The other two plays in this volume, “The Triangulated Diner” and “The Dark Hypotenuse,” might more accurately be called bizarro, according to the description given in Vichnar’s essay, but they undermine our expectations of the conventions of drama and they also engage in a search for meaning that makes them irreal. The diner in “The Triangular Diner,” according to the stage directions, “occupies the basement floor of an evacuated industrial elevator shaft,” and we are told that it is “a kind of culinary museum distinguished by appliances, wallpaper, décor and bric-a-brac from another era or dimension. The geometry of the diner belongs somewhere else, too, ceiling and walls forming a deranged rhombus.” But it is the superscreens that add the most non-realist elements to the stage setting. The three superscreens in “The Triangulated Diner” are supposedly there to show us what is happening in the mall where the diner is located, but in fact the superscreens’ offerings sound more like surrealist films – for example, on the one on the right wall: “Colorful amoebas of light flow across it in slowtime. When the amoebas collide, one assimilates the other, like protoplasm. Sometimes they ricochet, lobes groping for stability.” This description calls to mind Man Ray’s short films and the images on the superscreens do sound somewhat surreal. Yet Wilson’s work doesn’t read like the automatic writing championed by Breton. Instead the play is made up of dialog and quotations that contribute to an overall irreal effect.
Roarke, the hungover man at the center of this drama, keeps asking for a Mimosa that he never receives. What he does get, among other things, is a chance to hear an offstage psychologist quote Darwin on male sexual attractants, an extravagant bill of $875.24 for a hotel room he didn’t stay in, the sight of a gunman firing an Uzi and killing mall-goers and hotel guests alike, a chance to hear a waitress quote Jacques Lacan on “the sexual relationship,” and an unsatisfactory grilled cheese sandwich. After re-reading the play I went back and read the quote from Freud’s Civilizations and Its Discontents that appears as one of the epigrams (the other is a quote from Jimmy Carter about aggression). Yes, this play is bizarro in its overall intent, but it also gives us insight into why, as Freud would have it, “Life, as we find it, is too hard for us; it brings us too many pains, disappointments and impossible tasks,” leaving us with no alternative but to seek various “palliative measures.” In the play’s final scene, as Roarke tries to get the waitress to lie down and have sex with him, she says, “The metaphor of love is that thing we think we point at inside of somebody else, but in fact it is only that which we point at inside ourselves. And our insides are defined by lack.” Though Wilson frequently invokes Freud, this play does not give us the sense of harsh determinism often favored by writers who take a psychoanalytic approach to human nature, but instead has a more questioning and open-ended quality.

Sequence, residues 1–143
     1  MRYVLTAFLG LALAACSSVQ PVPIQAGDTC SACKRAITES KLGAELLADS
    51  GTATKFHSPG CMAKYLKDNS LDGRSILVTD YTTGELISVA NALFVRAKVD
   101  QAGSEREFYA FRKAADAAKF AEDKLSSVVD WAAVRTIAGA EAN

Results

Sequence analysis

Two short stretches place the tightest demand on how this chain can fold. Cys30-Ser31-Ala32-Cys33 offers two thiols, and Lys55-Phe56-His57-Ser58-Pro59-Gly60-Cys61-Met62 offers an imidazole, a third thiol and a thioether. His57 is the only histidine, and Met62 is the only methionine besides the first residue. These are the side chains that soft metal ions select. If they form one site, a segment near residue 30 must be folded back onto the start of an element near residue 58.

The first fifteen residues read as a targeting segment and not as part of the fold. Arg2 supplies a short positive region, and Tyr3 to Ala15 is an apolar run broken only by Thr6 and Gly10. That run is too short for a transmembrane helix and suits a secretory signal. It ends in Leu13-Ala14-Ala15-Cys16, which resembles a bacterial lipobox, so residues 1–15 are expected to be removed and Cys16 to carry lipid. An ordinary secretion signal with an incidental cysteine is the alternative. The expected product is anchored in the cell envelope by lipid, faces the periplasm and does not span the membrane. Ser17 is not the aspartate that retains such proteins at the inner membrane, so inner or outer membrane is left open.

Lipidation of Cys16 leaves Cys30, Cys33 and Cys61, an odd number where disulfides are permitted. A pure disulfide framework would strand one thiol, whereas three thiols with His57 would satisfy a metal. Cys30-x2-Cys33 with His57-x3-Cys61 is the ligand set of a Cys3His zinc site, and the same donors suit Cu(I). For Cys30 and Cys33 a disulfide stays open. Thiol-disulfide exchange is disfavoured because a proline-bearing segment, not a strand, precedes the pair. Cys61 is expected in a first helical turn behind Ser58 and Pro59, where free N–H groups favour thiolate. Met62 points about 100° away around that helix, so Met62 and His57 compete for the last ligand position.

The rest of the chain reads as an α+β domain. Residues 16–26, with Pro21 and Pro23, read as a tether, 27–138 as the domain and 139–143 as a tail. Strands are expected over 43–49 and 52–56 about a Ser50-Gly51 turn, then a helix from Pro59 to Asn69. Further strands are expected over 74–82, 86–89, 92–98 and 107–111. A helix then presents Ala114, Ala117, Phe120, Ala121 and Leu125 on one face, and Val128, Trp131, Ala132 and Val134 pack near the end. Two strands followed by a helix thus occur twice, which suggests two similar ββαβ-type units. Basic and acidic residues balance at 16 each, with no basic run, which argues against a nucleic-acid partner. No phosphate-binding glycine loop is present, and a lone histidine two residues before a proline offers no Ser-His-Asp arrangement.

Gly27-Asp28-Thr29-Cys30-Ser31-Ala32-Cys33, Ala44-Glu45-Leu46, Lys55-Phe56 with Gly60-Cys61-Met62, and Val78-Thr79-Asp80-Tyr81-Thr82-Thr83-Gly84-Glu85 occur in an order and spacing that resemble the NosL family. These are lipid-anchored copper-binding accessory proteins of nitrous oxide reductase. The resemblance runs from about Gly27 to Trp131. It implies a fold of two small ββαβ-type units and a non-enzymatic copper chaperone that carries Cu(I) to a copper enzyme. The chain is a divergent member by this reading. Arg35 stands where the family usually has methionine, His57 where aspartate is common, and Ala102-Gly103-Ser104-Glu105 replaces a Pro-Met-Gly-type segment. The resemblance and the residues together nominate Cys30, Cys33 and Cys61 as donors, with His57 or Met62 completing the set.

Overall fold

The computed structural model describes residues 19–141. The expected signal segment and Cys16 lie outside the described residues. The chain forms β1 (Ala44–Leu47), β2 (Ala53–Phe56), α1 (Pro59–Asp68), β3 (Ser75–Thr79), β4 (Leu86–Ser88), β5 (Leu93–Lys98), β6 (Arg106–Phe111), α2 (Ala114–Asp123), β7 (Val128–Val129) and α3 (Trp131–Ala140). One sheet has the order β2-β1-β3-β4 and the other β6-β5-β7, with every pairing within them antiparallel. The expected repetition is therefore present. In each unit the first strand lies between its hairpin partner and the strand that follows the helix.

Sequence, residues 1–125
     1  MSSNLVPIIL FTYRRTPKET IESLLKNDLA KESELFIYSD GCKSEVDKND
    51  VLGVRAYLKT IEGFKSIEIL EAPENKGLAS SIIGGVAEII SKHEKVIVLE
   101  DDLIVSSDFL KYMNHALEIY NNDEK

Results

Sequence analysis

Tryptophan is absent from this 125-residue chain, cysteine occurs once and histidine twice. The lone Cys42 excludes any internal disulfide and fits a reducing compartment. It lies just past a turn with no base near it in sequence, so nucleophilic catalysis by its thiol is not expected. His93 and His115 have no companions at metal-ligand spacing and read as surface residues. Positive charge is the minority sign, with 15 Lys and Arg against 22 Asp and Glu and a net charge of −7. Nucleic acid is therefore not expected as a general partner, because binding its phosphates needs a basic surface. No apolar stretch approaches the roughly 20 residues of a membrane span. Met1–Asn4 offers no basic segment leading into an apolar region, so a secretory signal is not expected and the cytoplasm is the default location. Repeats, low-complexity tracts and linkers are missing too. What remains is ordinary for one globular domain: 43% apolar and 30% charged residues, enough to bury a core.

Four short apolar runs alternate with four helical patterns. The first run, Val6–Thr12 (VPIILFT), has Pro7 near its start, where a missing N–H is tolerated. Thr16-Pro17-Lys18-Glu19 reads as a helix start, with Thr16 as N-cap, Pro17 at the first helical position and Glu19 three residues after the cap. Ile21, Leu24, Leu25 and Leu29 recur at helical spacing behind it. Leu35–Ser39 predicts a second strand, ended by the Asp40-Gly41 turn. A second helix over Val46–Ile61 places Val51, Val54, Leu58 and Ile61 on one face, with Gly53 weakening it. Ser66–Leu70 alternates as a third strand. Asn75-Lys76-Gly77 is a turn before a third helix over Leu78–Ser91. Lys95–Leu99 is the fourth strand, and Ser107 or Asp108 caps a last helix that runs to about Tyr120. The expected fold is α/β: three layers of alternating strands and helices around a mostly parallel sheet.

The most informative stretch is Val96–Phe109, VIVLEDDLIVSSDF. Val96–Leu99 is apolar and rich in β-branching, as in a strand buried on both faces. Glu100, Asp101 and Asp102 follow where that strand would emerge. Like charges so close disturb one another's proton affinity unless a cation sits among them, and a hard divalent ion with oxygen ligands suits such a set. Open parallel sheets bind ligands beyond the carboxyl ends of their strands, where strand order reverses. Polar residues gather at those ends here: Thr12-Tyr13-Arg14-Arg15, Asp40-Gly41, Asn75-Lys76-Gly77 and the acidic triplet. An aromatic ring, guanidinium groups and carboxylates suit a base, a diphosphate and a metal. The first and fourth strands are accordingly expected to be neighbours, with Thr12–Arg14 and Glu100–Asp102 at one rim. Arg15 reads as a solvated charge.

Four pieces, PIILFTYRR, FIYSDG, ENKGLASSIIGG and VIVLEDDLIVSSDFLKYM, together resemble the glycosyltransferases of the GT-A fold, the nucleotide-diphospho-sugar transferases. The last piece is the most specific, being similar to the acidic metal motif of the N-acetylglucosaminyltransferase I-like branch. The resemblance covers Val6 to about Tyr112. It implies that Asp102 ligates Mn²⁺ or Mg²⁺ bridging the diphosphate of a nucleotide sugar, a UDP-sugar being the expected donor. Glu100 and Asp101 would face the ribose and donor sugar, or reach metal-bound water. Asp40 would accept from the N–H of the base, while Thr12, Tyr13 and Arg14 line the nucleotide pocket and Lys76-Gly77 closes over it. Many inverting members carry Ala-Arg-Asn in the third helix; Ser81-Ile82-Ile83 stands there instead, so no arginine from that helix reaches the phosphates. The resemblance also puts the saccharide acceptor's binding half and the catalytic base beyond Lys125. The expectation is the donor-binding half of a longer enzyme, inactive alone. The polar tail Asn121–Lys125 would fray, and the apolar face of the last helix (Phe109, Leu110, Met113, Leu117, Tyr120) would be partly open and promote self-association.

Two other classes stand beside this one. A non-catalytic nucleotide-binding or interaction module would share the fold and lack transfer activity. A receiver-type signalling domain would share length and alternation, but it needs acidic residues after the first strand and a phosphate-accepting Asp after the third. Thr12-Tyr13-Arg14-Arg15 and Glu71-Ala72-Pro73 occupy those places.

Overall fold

In the third play in this volume, “The Dark Hypotenuse,” another middle-aged man with a hangover, Starke, finds himself in “what may or may not be the Lacanian Real.” We are also told that “The Dark Hypotenuse” is another name for the Lacanian Real. The stage directions here are unsettling: “The stage is a thick black rhombus that hovers in the middle of the theater. The floor is a maze of trap doors through which actors may enter or exit. Some of the trap doors swing open whereas others slide or fall open. Giant mechanical arms extend from underneath of the stage. At the end of each arm is a gondola that sits up to ten spectators. Throughout the performance, the arms are in constant motion and move the audience all over the theater so that each gondola achieves a fluid multiperspectivalism as it glides east to west, north to south, accomplishing close-ups and bird’s-eye views and everything in between.” Even the alternative stage setting given involves stage and audience constantly rotating, but since such stagings are unlikely, it is mainly the reader’s imagination that is sent spinning.